Q: executables in /lib/udev , is this correct?

Valter Douglas Lisbôa Jr. douglas at trenix.com.br
Sat Aug 23 07:32:38 PDT 2008


Em Friday 22 August 2008 19:24:12 Jeremy Henty escreveu:
> On Fri, Aug 22, 2008 at 03:31:36PM -0300, Valter Douglas Lisbôa Jr. wrote:
> > Em Thursday 21 August 2008 14:51:12 Jeremy Henty escreveu:
> > > I  just noticed that  both my  LFS 6.1  and 6.3  systems installed
> > > useful  executables  such as  vol_id  into  /lib/udev rather  than
> > > anywhere in my $PATH .
> >
> > This executables is  not need to be in the PATH,  they are called by
> > udev tools in background.  They Follow the /usr/lib/<program>/* idea
> > to  separate  libraries,  backstage  daemons, whatever  from  system
> > aplications runned in terminals,
>
> I understand  what you say,  but I expected something  different after
> reading a good article "How To Manage Your Disk By UUID On Linux"
>
>    
> http://linuxshellaccount.blogspot.com/2008/08/how-to-manage-your-disk-by-uu
>id-on.html
>
> which says things like
>
>     1. If  you don't know the  UUID of your  disk, you can find  it by
>     using one of the several commands below:
>
>     host # vol_id /dev/sda3
>     ...
>     ID_FS_UUID=a1331d73-d640-4bac-97b4-cf33a375ae5b
>
> which fails on LFS because vol_id is not in $PATH .  So maybe there is
> a  case  for putting  such  things  in /bin  rather  than  /lib ?
/sbin then, it's a system command.

> It 
> certainly suggests that other distros  do that, since the writer seems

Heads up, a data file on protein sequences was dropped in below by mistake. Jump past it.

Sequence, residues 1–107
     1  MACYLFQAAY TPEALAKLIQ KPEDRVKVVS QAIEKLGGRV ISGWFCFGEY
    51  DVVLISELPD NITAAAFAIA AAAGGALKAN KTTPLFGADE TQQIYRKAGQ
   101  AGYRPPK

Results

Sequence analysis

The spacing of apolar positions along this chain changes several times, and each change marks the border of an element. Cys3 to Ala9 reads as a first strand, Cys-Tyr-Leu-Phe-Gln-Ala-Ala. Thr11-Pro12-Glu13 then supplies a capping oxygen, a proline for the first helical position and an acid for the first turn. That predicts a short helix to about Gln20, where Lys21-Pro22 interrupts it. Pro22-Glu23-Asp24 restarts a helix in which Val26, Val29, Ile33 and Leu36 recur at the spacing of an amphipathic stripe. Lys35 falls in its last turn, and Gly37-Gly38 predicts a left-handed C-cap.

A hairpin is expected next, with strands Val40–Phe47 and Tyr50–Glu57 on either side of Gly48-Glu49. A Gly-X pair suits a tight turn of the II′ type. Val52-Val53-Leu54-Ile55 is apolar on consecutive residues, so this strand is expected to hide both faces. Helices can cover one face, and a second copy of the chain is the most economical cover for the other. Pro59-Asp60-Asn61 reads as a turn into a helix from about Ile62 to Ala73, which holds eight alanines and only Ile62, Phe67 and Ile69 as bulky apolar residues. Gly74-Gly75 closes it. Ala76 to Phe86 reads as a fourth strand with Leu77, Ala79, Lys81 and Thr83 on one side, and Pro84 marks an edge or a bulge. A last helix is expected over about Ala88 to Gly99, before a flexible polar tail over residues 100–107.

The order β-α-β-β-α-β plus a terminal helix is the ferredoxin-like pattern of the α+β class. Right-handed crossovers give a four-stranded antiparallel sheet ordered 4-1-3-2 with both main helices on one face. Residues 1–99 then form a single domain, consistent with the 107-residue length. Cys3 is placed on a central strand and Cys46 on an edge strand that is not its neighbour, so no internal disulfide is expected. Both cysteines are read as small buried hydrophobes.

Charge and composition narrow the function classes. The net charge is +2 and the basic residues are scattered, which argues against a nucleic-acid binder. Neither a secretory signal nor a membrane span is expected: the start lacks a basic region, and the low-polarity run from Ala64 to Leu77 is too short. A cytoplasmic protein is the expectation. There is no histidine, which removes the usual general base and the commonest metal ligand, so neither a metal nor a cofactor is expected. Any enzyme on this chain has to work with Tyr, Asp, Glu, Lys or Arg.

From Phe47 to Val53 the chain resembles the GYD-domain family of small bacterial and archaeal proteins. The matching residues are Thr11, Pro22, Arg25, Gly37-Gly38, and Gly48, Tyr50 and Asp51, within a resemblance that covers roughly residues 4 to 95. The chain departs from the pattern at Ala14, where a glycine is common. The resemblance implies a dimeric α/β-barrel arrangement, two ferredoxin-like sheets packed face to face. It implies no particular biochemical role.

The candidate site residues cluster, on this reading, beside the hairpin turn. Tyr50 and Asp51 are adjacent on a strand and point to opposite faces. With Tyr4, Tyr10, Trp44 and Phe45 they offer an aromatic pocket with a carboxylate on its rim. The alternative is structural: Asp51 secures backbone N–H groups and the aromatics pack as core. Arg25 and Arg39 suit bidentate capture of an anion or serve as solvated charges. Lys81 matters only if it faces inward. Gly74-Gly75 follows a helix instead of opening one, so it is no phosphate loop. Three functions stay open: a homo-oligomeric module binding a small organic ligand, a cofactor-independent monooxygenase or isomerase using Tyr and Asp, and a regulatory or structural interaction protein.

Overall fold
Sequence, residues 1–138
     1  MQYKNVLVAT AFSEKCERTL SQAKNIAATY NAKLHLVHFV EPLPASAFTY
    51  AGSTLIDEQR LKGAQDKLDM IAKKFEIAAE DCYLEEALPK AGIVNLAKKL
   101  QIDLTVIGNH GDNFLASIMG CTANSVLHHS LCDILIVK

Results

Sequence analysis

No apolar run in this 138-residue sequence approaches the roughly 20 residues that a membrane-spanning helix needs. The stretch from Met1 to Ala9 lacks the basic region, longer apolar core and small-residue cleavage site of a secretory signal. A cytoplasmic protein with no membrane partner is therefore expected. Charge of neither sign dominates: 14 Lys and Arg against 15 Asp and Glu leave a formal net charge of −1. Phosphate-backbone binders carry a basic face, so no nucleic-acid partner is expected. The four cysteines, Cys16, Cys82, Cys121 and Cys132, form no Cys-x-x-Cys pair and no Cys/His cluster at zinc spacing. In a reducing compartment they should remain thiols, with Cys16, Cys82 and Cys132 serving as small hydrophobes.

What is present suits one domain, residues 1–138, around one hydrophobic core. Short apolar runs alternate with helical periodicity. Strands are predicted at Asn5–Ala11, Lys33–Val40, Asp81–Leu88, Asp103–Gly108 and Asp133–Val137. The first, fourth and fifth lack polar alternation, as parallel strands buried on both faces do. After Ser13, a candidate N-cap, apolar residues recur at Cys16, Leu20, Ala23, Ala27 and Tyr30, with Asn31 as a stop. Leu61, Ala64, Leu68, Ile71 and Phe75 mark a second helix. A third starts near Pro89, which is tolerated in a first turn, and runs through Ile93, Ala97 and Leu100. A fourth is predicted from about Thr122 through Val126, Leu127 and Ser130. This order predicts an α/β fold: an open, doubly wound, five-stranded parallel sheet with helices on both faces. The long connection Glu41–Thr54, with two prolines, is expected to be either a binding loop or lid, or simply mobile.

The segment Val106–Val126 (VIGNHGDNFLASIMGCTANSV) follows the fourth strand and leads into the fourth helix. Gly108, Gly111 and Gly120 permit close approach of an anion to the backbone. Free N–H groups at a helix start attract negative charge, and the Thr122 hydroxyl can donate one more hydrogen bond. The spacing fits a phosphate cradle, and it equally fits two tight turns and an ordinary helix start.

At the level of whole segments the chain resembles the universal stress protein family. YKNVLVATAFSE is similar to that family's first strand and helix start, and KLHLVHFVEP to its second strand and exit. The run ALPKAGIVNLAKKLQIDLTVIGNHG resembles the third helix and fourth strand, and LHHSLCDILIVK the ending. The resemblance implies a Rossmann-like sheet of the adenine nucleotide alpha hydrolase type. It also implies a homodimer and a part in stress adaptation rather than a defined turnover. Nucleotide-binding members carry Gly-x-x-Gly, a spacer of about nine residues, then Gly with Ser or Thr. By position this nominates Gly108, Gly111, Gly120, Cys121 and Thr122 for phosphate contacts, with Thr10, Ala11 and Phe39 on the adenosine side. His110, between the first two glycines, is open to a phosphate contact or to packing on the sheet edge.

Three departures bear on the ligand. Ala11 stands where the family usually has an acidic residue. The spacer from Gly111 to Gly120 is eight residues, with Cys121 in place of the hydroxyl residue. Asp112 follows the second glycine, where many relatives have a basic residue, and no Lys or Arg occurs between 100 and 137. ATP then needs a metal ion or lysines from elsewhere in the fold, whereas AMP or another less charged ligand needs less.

> to assume  that these commands will  be in $PATH .   (I understand the
> reasons for not putting them in /usr .)

Well, like the articles says you can use blkid too. 

I look in my gentoo system and see that /sbin/vol_id is a symlink 
to /lib/udev/vol_id. Perhaps putting it in other directories than /lib/udev 
can break the udev if it expect find this files in /lib and have this 
hardcoded (I don't know if this is true, it's a assumption). 

I find vold_id calls on udev rules of gentoo systems too using the symlink in 
PATH. 

>
> (BTW, I'm not  trying to lay down the law here,  just raising an issue
> than confused me and wondering what it means.)
I understand.

>
> > ... personaly,  I put the iptables  modules there [not  in /usr] too
> > (my Firewall starts very early :-) )
>
> OK, I'm interested.  I consider myself fairly security-conscious but I
> can't  see the  need  to  start iptables  before  mounting local  file
> systems  like /usr  .   As long  as  your firewall  starts before  the
> network, what  could possibly go wrong?  (Famous  last words!)  Unless
> your /usr is networked?
My network system is in /sbin and I start the iptables scripts just after it. 
I do this because I create a distro based on Linux From Scratch to use in my 
clients and for default it has a base (INPU/OUTPUT) firewall rules. So, 
before any other things goes up for network services, I start it in the base 
boot. Like I use some very simples boot scripts I put it on early start aside 
udev, mounts and others.

In fact the FORWARD rules are load after, with network daemons and others in 
the case of the host be a gateway. 

>
> Regards,
>
> Jeremy Henty

Regards

-- 
Valter Douglas Lisbôa Jr.
Sócio-Diretor
Trenix - IT Solutions
"Nossas Idéias, suas Soluções!"
www.trenix.com.br
contato at trenix.com.br



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